Quite bizarrely the report completely overlooks the transformation that manufacturers will have to make to co-exist in a future of carbon constraint. While it is true that for many sectors the shift to low-carbon is intrinsically linked to the decarbonisation of the electric grid and process and product efficiency, for many manufacturing sectors already subject to carbon constraints on their production, the transformation that is required is more profound. We outlined the challenge for these sectors in our report Tech for Growth, which was published earlier this year. Frankly it is a major omission to overlook the challenges faced by foundation manufacturing sectors.

Furthermore, while briefly touched on in the full report, it feels like the review has largely dodged the issue of the day: the criticality of competitive energy prices for a vibrant manufacturing sector.

There are other recommendations within the sustainability theme which are much easier to get behind.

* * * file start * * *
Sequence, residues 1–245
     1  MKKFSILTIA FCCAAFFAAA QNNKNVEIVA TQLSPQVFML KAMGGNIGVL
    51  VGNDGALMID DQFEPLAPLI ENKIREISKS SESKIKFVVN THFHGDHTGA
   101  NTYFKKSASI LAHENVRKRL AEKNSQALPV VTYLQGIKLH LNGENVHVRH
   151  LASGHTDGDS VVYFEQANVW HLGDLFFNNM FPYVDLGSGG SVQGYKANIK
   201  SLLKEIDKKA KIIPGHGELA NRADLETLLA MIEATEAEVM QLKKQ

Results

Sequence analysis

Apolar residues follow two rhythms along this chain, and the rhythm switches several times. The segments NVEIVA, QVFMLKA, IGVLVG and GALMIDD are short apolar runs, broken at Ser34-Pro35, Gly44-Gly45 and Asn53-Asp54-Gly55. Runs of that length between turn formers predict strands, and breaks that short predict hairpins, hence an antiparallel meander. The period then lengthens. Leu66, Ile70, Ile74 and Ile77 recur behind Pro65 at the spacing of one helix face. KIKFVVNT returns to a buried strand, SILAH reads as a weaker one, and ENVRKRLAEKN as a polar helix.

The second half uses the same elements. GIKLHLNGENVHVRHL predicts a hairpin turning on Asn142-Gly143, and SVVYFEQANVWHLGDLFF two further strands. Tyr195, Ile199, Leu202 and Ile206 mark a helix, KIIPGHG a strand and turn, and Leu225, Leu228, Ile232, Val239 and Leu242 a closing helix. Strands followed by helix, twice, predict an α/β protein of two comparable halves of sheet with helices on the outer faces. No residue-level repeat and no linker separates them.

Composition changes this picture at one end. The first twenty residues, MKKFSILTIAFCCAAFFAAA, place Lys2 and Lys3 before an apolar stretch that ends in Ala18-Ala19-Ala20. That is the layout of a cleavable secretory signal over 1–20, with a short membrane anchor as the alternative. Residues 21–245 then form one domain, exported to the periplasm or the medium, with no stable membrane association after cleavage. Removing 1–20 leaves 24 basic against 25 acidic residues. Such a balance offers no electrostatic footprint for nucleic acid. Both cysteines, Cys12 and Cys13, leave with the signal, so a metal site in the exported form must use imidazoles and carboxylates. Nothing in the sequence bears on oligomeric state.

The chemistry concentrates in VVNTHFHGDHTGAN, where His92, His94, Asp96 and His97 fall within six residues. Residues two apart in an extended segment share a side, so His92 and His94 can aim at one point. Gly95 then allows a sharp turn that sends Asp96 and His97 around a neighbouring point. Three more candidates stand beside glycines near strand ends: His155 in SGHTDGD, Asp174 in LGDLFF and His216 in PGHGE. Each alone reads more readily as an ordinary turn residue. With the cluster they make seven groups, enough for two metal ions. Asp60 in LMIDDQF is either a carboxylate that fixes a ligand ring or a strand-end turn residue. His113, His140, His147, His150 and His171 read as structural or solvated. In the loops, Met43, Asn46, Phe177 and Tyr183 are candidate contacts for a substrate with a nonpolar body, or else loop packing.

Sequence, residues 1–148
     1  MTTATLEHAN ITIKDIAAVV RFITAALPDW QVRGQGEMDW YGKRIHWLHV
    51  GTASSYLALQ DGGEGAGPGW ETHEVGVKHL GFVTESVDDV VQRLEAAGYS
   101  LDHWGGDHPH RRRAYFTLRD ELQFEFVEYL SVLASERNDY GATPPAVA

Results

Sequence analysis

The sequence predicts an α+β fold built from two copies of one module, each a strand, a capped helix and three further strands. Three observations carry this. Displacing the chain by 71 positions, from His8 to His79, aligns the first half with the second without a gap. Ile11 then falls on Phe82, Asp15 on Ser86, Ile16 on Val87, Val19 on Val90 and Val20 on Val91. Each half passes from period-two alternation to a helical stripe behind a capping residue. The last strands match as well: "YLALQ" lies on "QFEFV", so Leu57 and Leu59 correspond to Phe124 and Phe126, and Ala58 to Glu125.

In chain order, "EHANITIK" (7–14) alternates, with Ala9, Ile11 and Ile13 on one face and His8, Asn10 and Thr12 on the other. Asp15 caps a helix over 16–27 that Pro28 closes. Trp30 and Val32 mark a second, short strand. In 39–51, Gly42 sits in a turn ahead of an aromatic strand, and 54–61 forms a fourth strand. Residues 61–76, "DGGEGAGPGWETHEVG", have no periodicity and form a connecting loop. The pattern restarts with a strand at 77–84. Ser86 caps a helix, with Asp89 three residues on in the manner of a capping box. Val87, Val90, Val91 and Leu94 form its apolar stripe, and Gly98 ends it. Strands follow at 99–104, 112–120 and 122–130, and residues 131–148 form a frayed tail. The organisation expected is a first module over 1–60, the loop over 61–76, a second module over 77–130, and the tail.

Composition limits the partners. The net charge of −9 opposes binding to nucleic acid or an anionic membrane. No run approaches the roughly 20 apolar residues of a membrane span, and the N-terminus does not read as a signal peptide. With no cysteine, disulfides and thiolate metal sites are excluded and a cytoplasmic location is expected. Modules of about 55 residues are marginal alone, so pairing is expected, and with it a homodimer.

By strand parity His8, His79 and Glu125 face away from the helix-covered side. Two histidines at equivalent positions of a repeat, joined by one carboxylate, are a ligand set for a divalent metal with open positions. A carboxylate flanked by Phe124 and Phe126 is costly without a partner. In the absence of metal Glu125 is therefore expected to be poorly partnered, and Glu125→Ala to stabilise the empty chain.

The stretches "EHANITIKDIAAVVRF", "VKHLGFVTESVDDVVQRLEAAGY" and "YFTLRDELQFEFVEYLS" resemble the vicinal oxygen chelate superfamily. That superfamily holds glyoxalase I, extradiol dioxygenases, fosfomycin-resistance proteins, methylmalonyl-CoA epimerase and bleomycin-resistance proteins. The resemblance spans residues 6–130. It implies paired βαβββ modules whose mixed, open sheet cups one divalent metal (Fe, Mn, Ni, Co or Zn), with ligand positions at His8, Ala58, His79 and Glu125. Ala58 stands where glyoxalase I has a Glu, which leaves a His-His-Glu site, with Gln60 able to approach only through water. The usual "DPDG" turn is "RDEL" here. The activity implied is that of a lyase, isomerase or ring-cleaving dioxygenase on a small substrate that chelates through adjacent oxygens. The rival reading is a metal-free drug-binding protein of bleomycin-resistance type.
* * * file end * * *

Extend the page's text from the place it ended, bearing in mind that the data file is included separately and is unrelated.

For example, the report calls on government to target R&D at improving resource efficiency and material substitution. This seems entirely sound and there is no doubt that the UK is lagging behind our competitors on action here. The US, Germany, Japan and Korea are amongst those who are putting in substantial funding for R&D in this area. Earlier this year, I highlighted action that Germany was taking to enhance its capabilities with the launch of the Helmholtz Institute for Resource Technology. In the UK's recent Resource Security Action Plan just £200k was devoted to an accompanying innovation challenge. The week before Eric Pickles launched a £250m fund to encourage local authorities to move to weekly bin collections. This is simply not acceptable.